In 1885, during construction of the Canadian Pacific Railway (CPR), surveyor A.S. Farwell laid out the main street of a town, which was also named after him. When the CPR eventually reached the community of Farwell they disputed his claim to the land and ultimately built their station east of town. The disagreement didn’t end there though. In 1886 the CPR wanted to name the town in honour of the man, Lord Revelstoke, whose banking firm provided the funds that would ensure the railroad’s completion. The development of the town was delayed for years as a battle between Farwell and the CPR was fought in court. It wasn’t until 1897 that landowners could get clear title for their property. Revelstoke was incorporated as a city two years later, in 1899.
Between the CPR and the steamboat traffic along the Columbia River, Revelstoke was an important transportation hub for British Columbia’s interior. As such, the town had many amenities that were typically only available in larger urban centres. These included an Opera House, a YMCA gymnasium, the largest department store in the province’s interior, C.B. Hume’s, and the first ever ski jump in North America that was established in 1915.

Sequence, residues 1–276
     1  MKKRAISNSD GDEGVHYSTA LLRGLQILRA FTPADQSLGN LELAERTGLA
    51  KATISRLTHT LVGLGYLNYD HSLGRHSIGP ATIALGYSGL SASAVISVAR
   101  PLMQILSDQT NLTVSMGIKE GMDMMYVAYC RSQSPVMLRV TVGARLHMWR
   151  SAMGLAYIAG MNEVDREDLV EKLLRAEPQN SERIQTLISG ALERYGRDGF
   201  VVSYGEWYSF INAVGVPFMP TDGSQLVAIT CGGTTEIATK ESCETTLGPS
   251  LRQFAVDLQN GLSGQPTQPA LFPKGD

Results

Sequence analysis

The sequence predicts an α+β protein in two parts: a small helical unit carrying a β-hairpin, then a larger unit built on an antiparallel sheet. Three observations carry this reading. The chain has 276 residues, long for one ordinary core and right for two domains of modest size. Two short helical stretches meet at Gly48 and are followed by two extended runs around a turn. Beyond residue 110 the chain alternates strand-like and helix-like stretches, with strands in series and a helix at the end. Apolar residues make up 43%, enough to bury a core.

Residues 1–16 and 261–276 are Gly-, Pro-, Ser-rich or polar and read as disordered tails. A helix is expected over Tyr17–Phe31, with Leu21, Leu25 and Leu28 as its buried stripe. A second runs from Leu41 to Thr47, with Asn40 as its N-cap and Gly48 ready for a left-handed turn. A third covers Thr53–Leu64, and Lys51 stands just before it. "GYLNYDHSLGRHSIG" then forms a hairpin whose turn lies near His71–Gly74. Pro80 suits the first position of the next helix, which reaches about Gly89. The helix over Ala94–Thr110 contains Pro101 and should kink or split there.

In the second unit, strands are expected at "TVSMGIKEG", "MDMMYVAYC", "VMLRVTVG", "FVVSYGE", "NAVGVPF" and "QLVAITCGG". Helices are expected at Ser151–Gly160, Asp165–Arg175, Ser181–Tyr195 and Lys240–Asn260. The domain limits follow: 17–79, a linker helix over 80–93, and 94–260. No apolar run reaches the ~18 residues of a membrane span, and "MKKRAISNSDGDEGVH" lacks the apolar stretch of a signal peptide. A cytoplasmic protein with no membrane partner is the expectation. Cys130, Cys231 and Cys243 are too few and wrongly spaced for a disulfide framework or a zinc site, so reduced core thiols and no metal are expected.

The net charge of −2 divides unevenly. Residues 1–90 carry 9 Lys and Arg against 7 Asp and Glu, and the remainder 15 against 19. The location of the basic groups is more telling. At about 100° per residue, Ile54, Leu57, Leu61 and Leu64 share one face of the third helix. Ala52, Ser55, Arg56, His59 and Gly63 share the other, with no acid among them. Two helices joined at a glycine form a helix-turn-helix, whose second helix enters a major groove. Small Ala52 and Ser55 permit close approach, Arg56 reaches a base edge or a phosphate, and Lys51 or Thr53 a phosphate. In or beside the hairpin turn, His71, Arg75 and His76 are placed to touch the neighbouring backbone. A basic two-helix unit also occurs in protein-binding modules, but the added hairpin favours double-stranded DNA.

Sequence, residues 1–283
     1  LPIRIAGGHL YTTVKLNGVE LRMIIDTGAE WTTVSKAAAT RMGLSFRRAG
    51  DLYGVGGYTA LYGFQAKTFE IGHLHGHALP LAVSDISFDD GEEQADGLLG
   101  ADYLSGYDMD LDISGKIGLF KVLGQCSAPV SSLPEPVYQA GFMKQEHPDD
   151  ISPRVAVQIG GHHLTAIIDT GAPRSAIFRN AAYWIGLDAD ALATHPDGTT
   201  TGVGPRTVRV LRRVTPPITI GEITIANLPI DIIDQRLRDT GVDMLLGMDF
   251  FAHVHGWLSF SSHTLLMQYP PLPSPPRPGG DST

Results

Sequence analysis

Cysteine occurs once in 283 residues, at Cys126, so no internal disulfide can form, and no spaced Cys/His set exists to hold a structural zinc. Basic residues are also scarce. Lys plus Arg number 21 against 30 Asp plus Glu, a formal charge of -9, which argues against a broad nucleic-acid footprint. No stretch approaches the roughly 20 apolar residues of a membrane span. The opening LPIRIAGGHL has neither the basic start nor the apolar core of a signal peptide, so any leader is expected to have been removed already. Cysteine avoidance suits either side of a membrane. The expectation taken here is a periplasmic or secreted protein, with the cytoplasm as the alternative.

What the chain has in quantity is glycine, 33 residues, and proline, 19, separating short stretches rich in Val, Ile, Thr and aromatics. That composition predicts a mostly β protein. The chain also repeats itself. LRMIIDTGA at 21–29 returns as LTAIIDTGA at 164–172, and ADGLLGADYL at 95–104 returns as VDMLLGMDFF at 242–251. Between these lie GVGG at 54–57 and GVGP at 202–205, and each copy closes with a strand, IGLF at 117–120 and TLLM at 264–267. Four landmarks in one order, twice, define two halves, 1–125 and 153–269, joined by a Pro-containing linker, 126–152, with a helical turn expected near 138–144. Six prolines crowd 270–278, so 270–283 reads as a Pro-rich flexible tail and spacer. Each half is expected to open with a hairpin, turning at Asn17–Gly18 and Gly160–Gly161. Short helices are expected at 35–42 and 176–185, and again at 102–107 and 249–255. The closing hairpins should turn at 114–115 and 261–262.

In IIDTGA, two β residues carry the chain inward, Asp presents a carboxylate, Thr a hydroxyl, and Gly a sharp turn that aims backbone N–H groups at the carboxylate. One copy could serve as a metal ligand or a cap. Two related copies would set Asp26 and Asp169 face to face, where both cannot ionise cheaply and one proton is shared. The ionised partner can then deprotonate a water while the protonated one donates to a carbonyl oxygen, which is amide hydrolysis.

Natural resources, in the areas of forestry and mining, have long been the backbone of Revelstoke’s economy and still continue to play important roles to this day. Tourism now plays a prominent role in the community’s economic prosperity as Revelstoke has established itself as a mountain sports mecca.
The photos above were collected from the Glenbow Archives. If you’re interested, additional information can be found for each photograph on the Glenbow website by searching the identification number that is printed on the photo. There is also the option to purchase a high resolution copy. Stay tuned for additional posts featuring historical photos from across Alberta. We’d love to know what you think in the comment section below.